SVC: I’ve seen some pictures of this place and it really looks fantastic.
Robert Schoneman: Thanks. We appreciate that. We are, both a facility that bears our name and also a multi-venue operator. In this case we’re talking about the lobby of our Belk Theater, which is one of the three venues that’s in our facility here in Charlotte.
What were the primary goals of the lobby signage project?
We replaced print signage as well as DVDs that we were using to show promotional material. The goal was for the bars and concession areas to have digital signage displays that the bar staff and front-line staff could update with available inventory for the bars that day. So as they run out of things, or as they change things, they would be able to show that in real time on the screens. We also wanted our marketing department to be able to show promotional videos in the lobby without having to burn DVDs and cart them around to all the various different facilities. And finally to move to HD. The goal in all of that was to improve the customer experience, to make it easier for people to see their choices when they’re standing in line for concessions, and to give people the opportunity to find out about shows that are coming to all the facilities that we operate.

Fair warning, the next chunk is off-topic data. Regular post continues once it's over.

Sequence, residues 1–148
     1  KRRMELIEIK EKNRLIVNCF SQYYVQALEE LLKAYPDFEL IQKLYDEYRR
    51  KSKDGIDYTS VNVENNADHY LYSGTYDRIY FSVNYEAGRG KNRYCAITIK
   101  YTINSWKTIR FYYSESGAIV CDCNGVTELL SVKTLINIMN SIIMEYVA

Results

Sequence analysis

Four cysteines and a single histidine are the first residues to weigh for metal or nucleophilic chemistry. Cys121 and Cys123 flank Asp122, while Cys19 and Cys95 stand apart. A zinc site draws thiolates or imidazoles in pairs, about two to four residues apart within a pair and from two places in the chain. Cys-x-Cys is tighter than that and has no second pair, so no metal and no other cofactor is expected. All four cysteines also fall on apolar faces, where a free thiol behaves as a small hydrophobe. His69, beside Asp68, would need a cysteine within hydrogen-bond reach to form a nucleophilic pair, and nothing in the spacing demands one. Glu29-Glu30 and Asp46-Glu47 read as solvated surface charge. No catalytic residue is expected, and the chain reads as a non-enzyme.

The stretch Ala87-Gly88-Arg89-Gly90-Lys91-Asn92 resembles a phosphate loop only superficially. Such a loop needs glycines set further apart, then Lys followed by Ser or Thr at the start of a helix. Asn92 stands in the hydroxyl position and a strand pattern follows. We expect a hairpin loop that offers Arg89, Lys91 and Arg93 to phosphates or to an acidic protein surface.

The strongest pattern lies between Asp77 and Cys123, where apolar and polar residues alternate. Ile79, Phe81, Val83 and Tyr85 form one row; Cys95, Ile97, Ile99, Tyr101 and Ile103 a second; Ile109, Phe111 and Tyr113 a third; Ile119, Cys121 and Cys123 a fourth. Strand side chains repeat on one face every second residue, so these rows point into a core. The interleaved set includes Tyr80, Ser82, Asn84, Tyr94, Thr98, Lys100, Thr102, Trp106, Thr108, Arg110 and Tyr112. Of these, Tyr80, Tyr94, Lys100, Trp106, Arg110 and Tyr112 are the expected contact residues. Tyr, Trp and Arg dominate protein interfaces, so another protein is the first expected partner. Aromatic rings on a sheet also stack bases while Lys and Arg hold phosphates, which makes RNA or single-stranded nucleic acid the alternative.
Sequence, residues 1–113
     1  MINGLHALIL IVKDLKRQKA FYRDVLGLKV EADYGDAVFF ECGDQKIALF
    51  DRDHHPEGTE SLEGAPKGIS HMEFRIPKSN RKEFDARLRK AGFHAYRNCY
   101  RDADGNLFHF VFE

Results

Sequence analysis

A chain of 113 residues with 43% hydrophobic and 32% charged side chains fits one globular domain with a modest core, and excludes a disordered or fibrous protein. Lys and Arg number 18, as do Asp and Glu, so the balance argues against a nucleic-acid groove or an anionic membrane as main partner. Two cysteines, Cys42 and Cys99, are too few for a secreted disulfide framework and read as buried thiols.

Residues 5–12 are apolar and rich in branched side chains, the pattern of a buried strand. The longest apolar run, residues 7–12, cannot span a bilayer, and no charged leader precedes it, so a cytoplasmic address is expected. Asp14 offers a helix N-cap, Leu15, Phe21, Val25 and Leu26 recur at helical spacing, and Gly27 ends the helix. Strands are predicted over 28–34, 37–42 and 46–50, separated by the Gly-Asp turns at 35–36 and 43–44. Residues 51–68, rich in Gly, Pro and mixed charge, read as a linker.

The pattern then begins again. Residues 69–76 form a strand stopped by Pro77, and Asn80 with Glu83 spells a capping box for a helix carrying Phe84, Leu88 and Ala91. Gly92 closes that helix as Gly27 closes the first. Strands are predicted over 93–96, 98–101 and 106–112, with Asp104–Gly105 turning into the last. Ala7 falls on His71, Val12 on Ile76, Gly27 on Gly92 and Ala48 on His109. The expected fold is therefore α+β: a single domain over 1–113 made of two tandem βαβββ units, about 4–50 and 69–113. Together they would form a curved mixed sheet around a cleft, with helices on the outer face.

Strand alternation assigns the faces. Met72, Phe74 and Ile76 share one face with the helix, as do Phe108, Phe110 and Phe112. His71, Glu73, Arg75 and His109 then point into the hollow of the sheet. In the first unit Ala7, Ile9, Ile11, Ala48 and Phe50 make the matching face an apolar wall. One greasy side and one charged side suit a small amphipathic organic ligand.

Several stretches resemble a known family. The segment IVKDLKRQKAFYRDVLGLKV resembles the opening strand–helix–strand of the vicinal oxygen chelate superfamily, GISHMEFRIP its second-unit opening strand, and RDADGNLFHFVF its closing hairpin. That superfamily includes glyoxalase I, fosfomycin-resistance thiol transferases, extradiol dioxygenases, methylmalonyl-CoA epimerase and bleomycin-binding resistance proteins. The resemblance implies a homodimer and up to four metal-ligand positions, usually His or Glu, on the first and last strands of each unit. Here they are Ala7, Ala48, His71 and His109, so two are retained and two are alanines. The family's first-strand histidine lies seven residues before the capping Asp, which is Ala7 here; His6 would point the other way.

In the lobby, there are windows everywhere. During the day it’s got to be very bright in there. That must have been something of a challenge for your technical team in placing those displays.
There are quite a wide variety of light environments. We have displays that are set back inside a concession pod where there’s not a huge amount of ambient light, and we have displays that are mounted to a white wall in a lobby that has an entire wall facing out on the street of glass and a glass dome.
I would think that you would have to be very careful in mounting the displays to keep the reflections and viewing angles in mind especially with the difference in night lighting and the change in sun angles during the day.
Yeah, absolutely. Obviously one of the big considerations was we want to make sure people can see the displays. If you’re standing in line to get something at a concession stand we want to be sure you can see it before you get to the front of the line so you’ve already made your selection. We want you to be able to see our marketing materials while you’re in the lobby without having to be right on top of the display.
And these were all LG Commercial Lite displays which seem to have hit the spot with your team. Did you use a lot of different sizes on those?
The LG Commercial Lite displays, really hit the sweet spot for us as far as the feature set. We’re using displays in that space from the 47-49 inch range all the way up to, I believe, 60.
Did you go through a long selection process for the displays or did you know pretty much what you wanted from the beginning just by looking at the specs?
We had some experience with some other displays from other large manufacturers. And for this application we knew that we needed a specific price point and we needed a specific cabinet appearance, and we needed them to be readily available in different sizes with a common control set. So those requirements on top of just the specification requirements we had really left us with one available choice and that was the LG displays.
I understand the whole lobby signage project was done in-house. You and your team ran the cable, mounted the displays and got it all working. That must have been something of a scheduling challenge.